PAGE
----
St. Barth: A little piece of French Riviera in the Caribbean!

St Barths will always be the place to be! For a small island, St. Barth feels like a much bigger place. Above the Caribbean’s turquoise waters, the hills rise asymmetrically and pitch toward one slope, much like an ocean wave. The towering palms, night-blooming cacti and decorative blooms of wild trumpets and frangipanis, make it hard to imagine that all of St. Barth was once an active volcano. 

The population of St. Barth is approximately 9,000 people, most of whom are French expatriates or the descendants of the original French settlers. But St. Barth, which was discovered by Columbus in 1493 and named after his brother Bartolomeo, is more than just a French collective.

After the first French colony failed 1648, the next 200 years saw many inhabitants: from the Knights of Malta to the British military to the Swedes, who stayed on the island for nearly a century.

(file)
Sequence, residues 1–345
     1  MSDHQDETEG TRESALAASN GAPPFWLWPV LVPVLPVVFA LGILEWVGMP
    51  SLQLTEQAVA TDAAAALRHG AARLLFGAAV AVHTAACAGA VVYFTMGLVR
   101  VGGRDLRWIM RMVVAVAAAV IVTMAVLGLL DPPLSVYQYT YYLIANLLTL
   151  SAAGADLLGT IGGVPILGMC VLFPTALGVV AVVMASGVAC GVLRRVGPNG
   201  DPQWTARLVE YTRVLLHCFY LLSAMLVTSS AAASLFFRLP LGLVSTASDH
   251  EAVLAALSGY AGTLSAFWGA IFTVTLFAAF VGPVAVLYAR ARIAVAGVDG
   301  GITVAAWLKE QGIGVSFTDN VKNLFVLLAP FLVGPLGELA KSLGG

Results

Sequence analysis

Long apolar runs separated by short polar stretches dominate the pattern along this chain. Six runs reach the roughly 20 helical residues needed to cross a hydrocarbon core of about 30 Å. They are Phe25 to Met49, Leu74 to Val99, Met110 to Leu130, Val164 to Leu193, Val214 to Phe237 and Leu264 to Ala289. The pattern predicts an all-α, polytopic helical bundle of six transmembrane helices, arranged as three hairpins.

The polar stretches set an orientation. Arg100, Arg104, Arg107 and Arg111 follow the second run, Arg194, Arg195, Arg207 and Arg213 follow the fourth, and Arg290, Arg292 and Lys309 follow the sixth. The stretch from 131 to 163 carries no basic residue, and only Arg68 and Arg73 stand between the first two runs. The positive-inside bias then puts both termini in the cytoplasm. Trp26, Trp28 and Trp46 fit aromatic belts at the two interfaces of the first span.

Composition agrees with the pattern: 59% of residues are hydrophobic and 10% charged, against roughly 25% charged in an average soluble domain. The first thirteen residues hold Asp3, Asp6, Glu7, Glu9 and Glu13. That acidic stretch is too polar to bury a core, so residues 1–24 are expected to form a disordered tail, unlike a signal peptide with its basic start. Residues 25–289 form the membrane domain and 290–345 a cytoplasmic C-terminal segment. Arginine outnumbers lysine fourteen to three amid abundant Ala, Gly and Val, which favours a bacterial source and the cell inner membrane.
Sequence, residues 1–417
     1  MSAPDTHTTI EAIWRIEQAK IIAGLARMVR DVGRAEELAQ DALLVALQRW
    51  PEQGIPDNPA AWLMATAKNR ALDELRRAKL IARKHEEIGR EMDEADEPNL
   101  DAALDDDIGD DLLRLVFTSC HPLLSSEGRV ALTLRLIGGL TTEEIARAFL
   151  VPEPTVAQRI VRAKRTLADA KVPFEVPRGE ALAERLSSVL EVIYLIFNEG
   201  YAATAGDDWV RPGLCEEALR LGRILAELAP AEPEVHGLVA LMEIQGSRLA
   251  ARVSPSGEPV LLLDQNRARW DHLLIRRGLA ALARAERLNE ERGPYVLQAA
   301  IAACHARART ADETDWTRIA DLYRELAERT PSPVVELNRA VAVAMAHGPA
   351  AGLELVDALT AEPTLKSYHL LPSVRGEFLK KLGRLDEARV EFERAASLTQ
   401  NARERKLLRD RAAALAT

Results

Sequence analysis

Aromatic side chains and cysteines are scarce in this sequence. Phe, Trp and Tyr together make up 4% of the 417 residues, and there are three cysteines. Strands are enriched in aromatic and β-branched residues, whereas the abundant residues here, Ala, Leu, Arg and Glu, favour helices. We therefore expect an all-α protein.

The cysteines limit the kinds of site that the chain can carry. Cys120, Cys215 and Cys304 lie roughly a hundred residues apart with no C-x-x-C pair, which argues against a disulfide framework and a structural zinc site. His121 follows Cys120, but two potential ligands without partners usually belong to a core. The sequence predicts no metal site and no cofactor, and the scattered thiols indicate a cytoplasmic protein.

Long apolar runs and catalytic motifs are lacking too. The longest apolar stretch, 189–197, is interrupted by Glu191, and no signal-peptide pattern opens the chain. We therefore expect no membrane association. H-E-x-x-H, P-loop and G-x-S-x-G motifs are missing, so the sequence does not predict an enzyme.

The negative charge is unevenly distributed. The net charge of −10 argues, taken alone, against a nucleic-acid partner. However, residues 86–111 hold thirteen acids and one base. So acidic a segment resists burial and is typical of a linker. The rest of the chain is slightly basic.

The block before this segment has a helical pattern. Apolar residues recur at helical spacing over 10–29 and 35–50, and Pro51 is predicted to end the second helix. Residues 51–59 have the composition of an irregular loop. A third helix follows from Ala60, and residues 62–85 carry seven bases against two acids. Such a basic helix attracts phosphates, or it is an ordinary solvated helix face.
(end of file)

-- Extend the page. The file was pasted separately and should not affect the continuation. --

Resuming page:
Today, sailors to St. Barth come to the island for three reasons: the beauty and the feel of France in the Caribbean. There are sixteen beaches in St Barths. From Shell beach with its infinite shells to Salines and Governor with its turquoise waters or Colombier only accessible on foot or by boat. Besides the modern shops selling French fashion, most of the architecture in Gustavia dates back to when the Swedes arrived in the late 1700s. Prada, Dolce Gabbana, Louis Vuitton, Dior, Hermes—all the luxury brands are present in the small town of Gustavia… 

The Carnival of Saint Barts offers a costumed parade open to all in the streets of Gustavia. We had a blast yesterday !

Even though St. Barth is an ocean away from the mother country, the island’s chefs have brought French gastronomy to the Caribbean.